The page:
Stage 12:  Physical and Mental Collapse

Caution: Burnout Ahead

When we are approaching burnout, we grimly work longer hours with greater effort and less result.  We often withdraw from the pleasures of social interaction, spending less time with family and friends.  We tend to give short shrift to ‘timewasters’ such as sleep, exercise, vacation, and relaxation; nor do we have time to feed or care for ourselves well.  And we dismiss the worries of loved ones and concerned observers (like therapists, physicians, and people with more balanced lifestyles) about our driven lives.

These behaviors are some of the danger signs that burnout is up ahead, and whether it takes months, years, or decades, they can lead us, sometimes gradually and sometimes as abruptly as taking an off-ramp from a high-speed freeway, to a dead stop at burnout.  Burnout takes over at Borysenko’s Stage 12:   “When you’re stressed out, you keep chasing the same old carrot, whatever that may be for you.  But when you’re burned out, you eventually give up the chase.  The hope that you can create a meaningful life fizzles and you find yourself sitting in the ashes of your dreams.”

“In the middle of the road of my life I awoke in a dark wood where the true way was wholly lost.Commedia (The Divine Comedy), Dante Alighieri

A first step toward healing is to admit that you, too have awakened in a dark wood, and to let go of the compulsion to trudge on, not waking up to your pain, never acknowledging the loss of your own true way.   The first step to finding your inner compass is to sit down (better yet, lie down!) in the road of life and let yourself be lost for awhile.

Beware of Superficial Fixes

But burning out is painful, so it’s understandable that what most people want who are in that exhausted and empty place, is to try to go back the way they’ve come—to regain the energy, engagement and drive they formerly brought to their work and lives as a whole.  They may think of themselves as depressed, or may see a healthcare provider who diagnoses them with depression and medicates them; and while yes, burnout may be accompanied by depression, an antidepressant alone is not the solution.

From the perspective of naturopathic medicine, burnout (with or without depression) often is associated with adrenal insufficiency (stress hormone imbalance) and neurotransmitter (brain biochemical) imbalances, with nutritional depletion and metabolic disruption.  As a naturopathic physician, it’s easy to move into agreement with patients that burnout is a problem to be ‘fixed’, so they can get back to doing what they’ve always done, pretty much as they’ve always done it.  And whether the ‘fix’ is a pharmaceutical antidepressant or a naturopathic plan for supplement and dietary support, it is indeed possible to assist many people to get back in gear—to crank up the ol’ engine, get back on the supersonic freeway and accelerate into the fast lane once again.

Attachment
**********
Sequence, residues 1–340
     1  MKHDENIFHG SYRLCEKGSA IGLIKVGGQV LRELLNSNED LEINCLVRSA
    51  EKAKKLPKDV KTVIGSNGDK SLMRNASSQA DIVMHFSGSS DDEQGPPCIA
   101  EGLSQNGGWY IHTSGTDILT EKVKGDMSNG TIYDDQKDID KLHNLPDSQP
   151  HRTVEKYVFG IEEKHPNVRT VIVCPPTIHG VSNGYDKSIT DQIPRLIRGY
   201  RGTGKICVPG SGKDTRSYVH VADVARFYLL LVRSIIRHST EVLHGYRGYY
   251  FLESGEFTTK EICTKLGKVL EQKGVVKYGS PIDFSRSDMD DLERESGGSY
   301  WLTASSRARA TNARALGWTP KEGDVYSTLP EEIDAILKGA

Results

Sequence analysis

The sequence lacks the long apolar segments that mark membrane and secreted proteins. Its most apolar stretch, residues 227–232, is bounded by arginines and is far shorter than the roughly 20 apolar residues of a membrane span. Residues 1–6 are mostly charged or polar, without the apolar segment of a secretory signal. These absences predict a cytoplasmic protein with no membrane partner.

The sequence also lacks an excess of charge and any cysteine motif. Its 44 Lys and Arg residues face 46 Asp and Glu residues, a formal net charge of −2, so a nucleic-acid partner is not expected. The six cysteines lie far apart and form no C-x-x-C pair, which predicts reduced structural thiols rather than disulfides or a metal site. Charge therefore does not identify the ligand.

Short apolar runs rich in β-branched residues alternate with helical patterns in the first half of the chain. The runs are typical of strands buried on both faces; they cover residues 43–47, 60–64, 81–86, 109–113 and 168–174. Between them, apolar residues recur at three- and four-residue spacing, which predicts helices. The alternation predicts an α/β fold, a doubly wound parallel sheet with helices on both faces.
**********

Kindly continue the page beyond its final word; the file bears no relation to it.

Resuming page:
But, like most superficial fixes, this doesn’t solve the underlying problems and can only hold for so long.  It can be dismaying for these folks to hear that if they go back to zooming through their lives as they’ve done in the past, they may well find themselves sooner or later, back in burnout.

“The antidote to exhaustion is whole heartedness.” Benedictine Brother David Steindl-Rast, as quoted by David Whyte

What’s necessary to truly and fully recover from burnout is a deeper, more holistic healing journey.

There’s much to be said for promoting practices to improve stress tolerance, heal overworked adrenal glands, and transform sick work cultures, but unless we go deeper, examining more closely the mix of personality, behavior, choice, and metaphysical disconnection that brought us to burnout, we may cure the symptoms without healing the disease.  Like any existential crisis, burnout is undoubtedly an extremely uncomfortable state of being, but it also can be a positive life-changer—a turning point for transformation, for finding our own true way—if we allow it to be.

“What if…we see (burnout and depression) as losses of naïveté, false identities and false assumptions that are making way for a more authentic life?  What if we viewed burnout as an invitation to come into alignment with a more elegant expression of our gifts, relationships and overall life energy?”   Joan Borysenko, Ph.D., in Fried